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Patients’ reports of domestic violence not recorded by a nearly a third of surveyed physicians


Nearly a third of surveyed physicians do not keep a record when patients report domestic violence. Published today in the open access journal BMC Family Practice, a study of clinicians’ reports on patients who experienced domestic violence also reveals that 90% of the clinicians surveyed do not document domestic violence adequately. Their reports do not record whether they offered support and information about domestic violence to patients who might have needed it.

Megan Gerber, from Harvard Medical School, and colleagues from other institutions in the USA, analysed the content of clinicians’ reports on patients who had reported domestic violence in a questionnaire. The questionnaire was filled in prior to a consultation and the patient gave it to the clinician at the start of the consultation.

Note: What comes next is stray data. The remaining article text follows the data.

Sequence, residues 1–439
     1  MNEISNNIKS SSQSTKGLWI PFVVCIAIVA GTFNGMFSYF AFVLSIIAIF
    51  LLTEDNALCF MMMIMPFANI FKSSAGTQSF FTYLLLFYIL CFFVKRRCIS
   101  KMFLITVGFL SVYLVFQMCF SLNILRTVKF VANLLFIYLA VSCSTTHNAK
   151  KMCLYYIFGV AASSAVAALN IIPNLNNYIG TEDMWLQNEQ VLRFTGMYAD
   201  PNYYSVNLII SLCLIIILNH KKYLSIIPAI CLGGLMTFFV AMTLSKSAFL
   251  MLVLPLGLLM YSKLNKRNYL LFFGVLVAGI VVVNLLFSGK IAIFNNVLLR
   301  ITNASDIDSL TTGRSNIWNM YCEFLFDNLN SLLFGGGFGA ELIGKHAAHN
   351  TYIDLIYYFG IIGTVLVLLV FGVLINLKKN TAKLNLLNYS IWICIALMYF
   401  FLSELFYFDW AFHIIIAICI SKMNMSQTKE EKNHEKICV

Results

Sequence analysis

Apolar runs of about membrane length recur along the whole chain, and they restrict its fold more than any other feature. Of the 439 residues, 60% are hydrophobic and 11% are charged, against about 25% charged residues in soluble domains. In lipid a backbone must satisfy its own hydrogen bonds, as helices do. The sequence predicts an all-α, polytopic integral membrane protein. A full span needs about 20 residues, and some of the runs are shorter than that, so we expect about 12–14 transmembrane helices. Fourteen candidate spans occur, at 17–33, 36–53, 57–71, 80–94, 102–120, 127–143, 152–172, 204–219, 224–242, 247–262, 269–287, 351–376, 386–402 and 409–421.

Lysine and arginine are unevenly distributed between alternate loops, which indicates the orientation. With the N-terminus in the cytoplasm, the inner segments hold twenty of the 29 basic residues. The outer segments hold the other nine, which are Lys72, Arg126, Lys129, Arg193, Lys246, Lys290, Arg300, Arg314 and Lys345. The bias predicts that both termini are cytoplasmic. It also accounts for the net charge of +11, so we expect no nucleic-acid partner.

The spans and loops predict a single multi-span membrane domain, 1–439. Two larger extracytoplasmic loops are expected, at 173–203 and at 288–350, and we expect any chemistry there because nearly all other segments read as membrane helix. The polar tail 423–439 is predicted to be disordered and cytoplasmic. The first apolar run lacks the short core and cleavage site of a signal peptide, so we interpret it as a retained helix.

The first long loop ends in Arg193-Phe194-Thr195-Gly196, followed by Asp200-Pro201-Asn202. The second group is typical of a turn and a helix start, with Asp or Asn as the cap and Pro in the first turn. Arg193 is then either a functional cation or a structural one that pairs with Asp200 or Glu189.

Nearly 5% (115/2341) of patients who completed a questionnaire reported having experienced domestic violence. The authors analysed the doctors’ reports for 90 of them. Their results show that nearly one third (26/90) of the reports did not document the patient’s report of domestic violence. Clinicians are asked to offer patients who report domestic violence some information about where to get help, and to assist them in developing a list of steps to take to get out of their situation. Only 10% of reports recorded that the clinician had provided the most complete level of documentation.

The study found that a third of clinicians surveyed do not feel confident in counselling patients who report intimate partner violence.

Juliette Savin | alfa
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